Pro-life groups want Kihika Bill completely withdrawn
Tuesday, August 18th, 2020 00:00 | 2 mins read
Some 20 pro-life groups yesterday called for the withdrawal of the Reproductive Health Care Bill sponsored by Nakuru Senator Susan Kihika.
Her proposal seeks to legalise abortion. In a memorandum to the Senate Committee on Health, the group said the Bill is pushing for illegalities and practices that are not acceptable in the country.
The group further stated that the Bill as it is, legalises abortion on demand, which is contrary to the provision of the Constitution and the Penal Code.
In the memorandum, the group reiterates its non-negotiable stance to have the bill withdrawn without amendments.
“We, therefore, urge the Senate Committee on Health to listen to the many voices who have opposed the Bill and have it shelved completely.
The pro-life community in Kenya has offered to help in championing and steering an all stakeholders forum that will come up with a bill that is acceptable by all,” the statement.
The statement, signed by the campaign director Africa Ann Kioko, indicated that the Bill is emanating from the National Assembly yet all money bills are supposed to emanate from the National Assembly instead of the Senate.
“The Bill is sponsored and championed by foreign NGOs that have continuously pushed for it online, through media and also through holding workshops with a number of legislators.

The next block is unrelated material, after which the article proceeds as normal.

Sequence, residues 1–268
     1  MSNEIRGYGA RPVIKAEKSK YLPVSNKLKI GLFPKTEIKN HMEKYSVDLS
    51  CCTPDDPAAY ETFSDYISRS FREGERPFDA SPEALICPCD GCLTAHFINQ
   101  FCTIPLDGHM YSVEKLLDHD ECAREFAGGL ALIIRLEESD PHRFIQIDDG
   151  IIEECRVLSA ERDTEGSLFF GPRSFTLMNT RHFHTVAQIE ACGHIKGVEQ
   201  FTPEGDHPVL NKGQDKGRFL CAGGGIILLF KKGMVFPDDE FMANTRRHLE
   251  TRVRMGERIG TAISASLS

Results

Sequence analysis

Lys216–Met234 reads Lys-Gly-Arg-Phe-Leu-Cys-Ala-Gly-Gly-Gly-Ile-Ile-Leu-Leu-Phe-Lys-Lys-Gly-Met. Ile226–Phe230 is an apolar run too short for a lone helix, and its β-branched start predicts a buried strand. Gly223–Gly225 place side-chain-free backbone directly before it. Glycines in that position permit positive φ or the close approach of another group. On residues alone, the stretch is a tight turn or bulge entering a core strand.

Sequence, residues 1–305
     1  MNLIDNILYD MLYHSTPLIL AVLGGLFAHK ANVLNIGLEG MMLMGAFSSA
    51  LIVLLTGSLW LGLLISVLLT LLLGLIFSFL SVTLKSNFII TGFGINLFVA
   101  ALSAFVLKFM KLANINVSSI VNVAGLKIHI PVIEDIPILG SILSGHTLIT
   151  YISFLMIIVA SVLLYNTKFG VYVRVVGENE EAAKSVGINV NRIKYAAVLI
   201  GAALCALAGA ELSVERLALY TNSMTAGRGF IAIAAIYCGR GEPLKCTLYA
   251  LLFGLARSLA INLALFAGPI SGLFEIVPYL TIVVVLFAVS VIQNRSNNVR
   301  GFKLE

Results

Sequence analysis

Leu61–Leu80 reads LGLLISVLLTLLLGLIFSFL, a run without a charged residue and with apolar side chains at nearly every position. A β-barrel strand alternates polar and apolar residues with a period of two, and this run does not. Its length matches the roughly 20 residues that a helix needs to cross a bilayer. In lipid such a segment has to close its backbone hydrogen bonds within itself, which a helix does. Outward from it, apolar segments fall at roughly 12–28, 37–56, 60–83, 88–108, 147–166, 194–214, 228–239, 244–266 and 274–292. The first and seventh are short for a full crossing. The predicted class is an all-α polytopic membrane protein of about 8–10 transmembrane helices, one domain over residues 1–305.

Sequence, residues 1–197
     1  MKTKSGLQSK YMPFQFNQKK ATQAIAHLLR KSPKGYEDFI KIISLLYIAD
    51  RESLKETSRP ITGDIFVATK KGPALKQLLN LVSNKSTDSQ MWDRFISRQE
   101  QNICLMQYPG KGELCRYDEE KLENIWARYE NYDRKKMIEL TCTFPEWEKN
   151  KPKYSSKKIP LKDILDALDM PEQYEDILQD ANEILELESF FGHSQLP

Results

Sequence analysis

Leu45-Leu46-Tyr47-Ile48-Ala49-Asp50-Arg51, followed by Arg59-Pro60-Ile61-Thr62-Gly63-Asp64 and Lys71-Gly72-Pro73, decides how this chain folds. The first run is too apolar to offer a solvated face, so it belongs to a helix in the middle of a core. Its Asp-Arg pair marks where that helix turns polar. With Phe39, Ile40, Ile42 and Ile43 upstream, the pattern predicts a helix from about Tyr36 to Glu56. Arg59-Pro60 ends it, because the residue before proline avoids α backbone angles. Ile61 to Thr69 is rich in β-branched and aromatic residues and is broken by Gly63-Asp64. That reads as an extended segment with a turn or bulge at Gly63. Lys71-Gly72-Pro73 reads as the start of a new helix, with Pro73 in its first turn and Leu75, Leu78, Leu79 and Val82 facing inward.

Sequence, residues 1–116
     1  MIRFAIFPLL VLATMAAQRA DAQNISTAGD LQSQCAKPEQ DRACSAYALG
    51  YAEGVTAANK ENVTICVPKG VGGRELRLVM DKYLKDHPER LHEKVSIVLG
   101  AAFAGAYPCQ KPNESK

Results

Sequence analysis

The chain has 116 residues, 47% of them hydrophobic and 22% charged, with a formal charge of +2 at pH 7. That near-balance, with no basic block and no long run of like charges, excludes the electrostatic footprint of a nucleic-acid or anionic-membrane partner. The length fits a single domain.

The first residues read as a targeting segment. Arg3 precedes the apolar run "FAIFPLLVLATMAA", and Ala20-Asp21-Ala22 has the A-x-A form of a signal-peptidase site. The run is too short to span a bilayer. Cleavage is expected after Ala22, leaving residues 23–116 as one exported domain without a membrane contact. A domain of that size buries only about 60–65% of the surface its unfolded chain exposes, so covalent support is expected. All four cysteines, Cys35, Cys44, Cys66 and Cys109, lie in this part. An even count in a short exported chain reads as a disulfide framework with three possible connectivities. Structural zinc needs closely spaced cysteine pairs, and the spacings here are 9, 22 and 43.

The outspoken agenda by these non-governmental organisations has been to make abortion legal in the entire of Africa, Kenya being their number one target,” the statement.
“According to article 114 of the Constitution, all money bills are supposed to emanate from the National Assembly instead of the Senate,” the statement.
The group also took issue with the Bill saying it is pushing for surrogacy without offering a clear framework on how this can be practiced and without taking into account the negative effects, which the practice has, including harm to the best interests of the child and the spirit of Article 45 of the Constitution.
“The Bill is aimed at legalising comprehensive sexuality education (CSE) in the name of adolescent friendly education,” noted the groups.
According to the groups, the Bill leaves loopholes for same sex unions and related practices, which are currently illegal in the country and are not for the good of the entire society.
Their sentiments come hardly a week after the Ministry of Health also opposed the same, saying the proposed provisions in the bill normalises abortion on demand contrary to the Constitution and the values the country upholds.
According to MoH, the Bill has introduced a loophole for termination of pregnancy as a method of Family Planning yet the opinion to determine a pregnancy is a complex professional opinion that is vested to a trained official who has sufficient proficiency to give such decisions because of its far-reaching consequences.
The Bill, besides the provision of termination of pregnancy, has other numerous provisions for reproductive health, including family planning, assisted reproduction and safe motherhood.